Later on, several tracks document the «Buddy & Bob» duo — a bunch of country and bluegrass tunes that, as a rule, are rather facelessly played, sung, and recorded, but hardly «bad» for high school entertainment level (it seems that most of them were self-penned as well, scoring them additional points for derivative creativity). The transition occurs by the time they reach the last of these: ʽDown The Lineʼ, which gives the name to the entire compilation, is where they make the definitive move from country-western to rockabilly aesthetics (odd as it is, the song has nothing to do with Roy Orbison's own ʽDown The Lineʼ, which would only be released one year later, in 1956 rather than June 1955). No wonder — Elvis had just left the building.

From there onwards, the rest of Disc 1 mostly consists of Buddy hitting on everyone: Elvis, Chuck, Little Richard, Bo Diddley, etc., gradually groping for his own style, but certainly not finding it all at once — he even goes as far as to cover Clarence "Frogman" Henry's ʽAin't Got No Homeʼ, despite having no qualification whatsoever to match the Frogman's vocal «talents», but it's actually a good thing, since no one would probably want to see Holly stuck in the role of a voice clown, mimicking little girls and lonely frogs all his life.

As Disc 2 rolls along, we finally emerge from the stage of «intriguing historical document» and get rewarded by demos, alternate versions, and rehearsal takes of the real classic stuff. Some of these are a bit of an overkill, e. g. three consecutive versions of ʽThink It Overʼ — a classic num­ber all right, but not exactly a ʽStrawberry Fields Foreverʼ for us to be so much interested in the slowly unfurling story of its creation. But the acoustic «Apartment Demos», without any echo effects on Buddy's voice or electric rhythm parts obscuring the man's original melodies, are quite a treasure — the only thing I am not sure about is the inclusion of three and a half minutes of conversation between Buddy and his wife in the same apartment, which I tend to skip because it makes you feel uneasy, like spying on the man's underwear. Studio chatter during work hours is one thing, but this here is kinda personal. (Besides, Maria Elena's croaky Puerto Rican laughter is only marginally more irritating than Buddy's Texan guffaw, if you'll excuse me for these slurry particularities). Additionally, there is a fast version of ʽSlippin' and Slidin'ʼ here, showing that Buddy probably gave up on the bad idea of slowing down the song before forgetting about it al­together; an undubbed ʽLove Is Strangeʼ, notorious for having once served as Buddy's last «ori­ginal» minor chart entry as late as 1969; and even a cover of ʽSmokey Joe's Caféʼ, showcasing the man's interest in the comical (Robins/Coasters) side of Atlantic R&B — or maybe just in the songwriting talents of Leiber & Stoller.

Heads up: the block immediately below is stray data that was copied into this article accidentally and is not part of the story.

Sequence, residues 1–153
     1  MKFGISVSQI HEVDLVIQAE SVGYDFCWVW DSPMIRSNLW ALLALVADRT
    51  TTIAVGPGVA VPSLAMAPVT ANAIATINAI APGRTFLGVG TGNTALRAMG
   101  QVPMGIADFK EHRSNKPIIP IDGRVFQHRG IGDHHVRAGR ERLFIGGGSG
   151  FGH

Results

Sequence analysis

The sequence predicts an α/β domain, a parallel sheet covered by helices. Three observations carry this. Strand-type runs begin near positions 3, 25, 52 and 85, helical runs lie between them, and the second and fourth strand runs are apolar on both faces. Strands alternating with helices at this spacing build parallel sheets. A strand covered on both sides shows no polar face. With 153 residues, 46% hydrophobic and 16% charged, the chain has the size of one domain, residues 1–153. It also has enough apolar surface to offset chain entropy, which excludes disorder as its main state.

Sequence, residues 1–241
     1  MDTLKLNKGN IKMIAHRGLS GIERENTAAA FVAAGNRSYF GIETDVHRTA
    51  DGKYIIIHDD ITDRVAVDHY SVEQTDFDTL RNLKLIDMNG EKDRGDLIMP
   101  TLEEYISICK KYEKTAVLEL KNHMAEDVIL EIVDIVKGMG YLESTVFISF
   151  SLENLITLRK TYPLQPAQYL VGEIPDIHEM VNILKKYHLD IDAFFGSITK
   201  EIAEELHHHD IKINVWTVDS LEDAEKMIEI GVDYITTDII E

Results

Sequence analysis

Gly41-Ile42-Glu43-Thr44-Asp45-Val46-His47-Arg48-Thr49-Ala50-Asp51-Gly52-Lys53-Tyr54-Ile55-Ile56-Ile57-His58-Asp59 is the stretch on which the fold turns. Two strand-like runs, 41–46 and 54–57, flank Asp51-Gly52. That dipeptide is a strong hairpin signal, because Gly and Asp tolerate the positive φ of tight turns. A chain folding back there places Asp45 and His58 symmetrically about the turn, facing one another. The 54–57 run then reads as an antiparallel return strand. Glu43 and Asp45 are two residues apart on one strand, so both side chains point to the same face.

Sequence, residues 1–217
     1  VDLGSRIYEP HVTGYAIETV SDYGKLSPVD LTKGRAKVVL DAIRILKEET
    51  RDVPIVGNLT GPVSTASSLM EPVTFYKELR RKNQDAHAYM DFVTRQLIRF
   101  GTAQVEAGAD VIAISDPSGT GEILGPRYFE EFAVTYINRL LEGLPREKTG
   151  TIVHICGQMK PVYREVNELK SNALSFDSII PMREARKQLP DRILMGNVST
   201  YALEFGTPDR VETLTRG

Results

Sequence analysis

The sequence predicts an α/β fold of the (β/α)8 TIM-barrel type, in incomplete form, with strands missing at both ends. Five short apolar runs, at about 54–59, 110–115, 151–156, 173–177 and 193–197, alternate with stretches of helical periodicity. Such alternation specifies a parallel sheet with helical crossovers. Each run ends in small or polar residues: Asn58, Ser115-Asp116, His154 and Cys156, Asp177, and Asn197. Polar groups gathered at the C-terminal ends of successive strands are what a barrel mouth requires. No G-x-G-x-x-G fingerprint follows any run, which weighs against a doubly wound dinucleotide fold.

All in all, for «historical and cultural significance», this package gets a natural thumbs up, but do keep in mind that its «entertainment value» is limited — I seriously doubt that anybody would want to listen to the first disc more than once, and the «golden core» of the second disc altogether takes up about twenty minutes, not more: the rest is all alternate takes, false starts, jingles, and oddities. On the other hand, considering that Buddy's artistic evolution was arguably one of the most interesting musical stories of the early rock'n'roll movement, there is hardly another Fifties' rock'n'roller of the same caliber that would be more deserving of such an intelligently assembled package. And, come to think of it, was there another Fifties' rock'n'roller that had the luck to be captured on tape at the tender age of twelve?

Check "Down the Line" (CD) on Amazon